This work is composed of two interrelated series: Warp & Weft: (Figure), and Warp & Weft: (Ground).Both series are composed using the same grid design.
The basic rectangular “unit” is a grouping of three photographic elements: a tall vertical image on the left, a larger rectangular image on the top right, and a long horizontal image in the lower right. The final grid is composed of twelve of these units, four rows and three columns.
The title “Warp & Weft” references weaving generally, and more specifically a tapestry, which was a way to illustrate adventures or events to be remembered.The Warp & Weft: (Figure) series alludes to the front of a tapestry – the event(s), the adventure(s) brought back in photographs.The Warp & Weft: (Ground) series alludes to the back of the tapestry – the merged and more generalized echo of what is vivid in the front.The fundamental grid structure of weaving, of the loom, was given a precision, and an algorithmic repeatability with the invention of the Jaquard loom at the beginning of the 19th century – arguably the first “general purpose machine”, or computer.I adapt this weaving metaphor for the arrangements of photographs, as a way to give the notion of a relational database a visual form.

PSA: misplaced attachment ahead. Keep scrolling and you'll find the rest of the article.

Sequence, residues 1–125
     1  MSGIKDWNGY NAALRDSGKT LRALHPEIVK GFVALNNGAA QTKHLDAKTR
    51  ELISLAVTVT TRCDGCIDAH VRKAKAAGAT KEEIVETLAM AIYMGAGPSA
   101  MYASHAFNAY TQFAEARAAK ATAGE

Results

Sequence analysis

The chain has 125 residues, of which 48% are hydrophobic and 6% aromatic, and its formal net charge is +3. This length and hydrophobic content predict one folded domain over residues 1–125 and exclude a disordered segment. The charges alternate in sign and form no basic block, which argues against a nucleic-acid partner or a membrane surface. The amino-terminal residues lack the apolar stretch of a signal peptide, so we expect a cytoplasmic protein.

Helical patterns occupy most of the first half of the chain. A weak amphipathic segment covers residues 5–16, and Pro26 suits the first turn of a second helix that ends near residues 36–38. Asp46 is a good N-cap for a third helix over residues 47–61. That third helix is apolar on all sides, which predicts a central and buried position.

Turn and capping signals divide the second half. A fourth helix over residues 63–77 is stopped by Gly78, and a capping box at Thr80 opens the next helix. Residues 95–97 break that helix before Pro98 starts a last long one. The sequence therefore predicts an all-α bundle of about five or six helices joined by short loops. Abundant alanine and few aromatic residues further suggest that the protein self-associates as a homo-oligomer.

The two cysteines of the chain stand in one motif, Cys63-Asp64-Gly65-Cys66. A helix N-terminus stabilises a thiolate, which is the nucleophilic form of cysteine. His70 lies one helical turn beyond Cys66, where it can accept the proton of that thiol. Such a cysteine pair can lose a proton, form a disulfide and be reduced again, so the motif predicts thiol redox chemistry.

The “front” of the tapestry, the Warp & Weft: (Figure) images are composed of photographs taken during trips, walks, or just looking around.They are the traces of adventures, albeit fairly ordinary ones – a trip to the zoo, to the beach; a look around the garden, in the kitchen.Clusters of photographs are arranged within a matrix that has the feel of both a panorama and a comic book – a narrative of multiple threads.
The “back” of the tapestry, the Warp & Weft: (Ground) images are more similar to each other, more merged together, as the back side of things often are.The photographs are arranged in the same grid as in the “front” side, but are of a single location: the steep edged ravine in my backyard that holds a small creek at its bottom.The variations are not of place, but time.
The two series taken together, the (Figure) and the (Ground), constitute a unity of how we see and process the multiple perceptions that make up our daily life; the front and the back; that which remains vivid and distinct on top of that which becomes merged and integrated.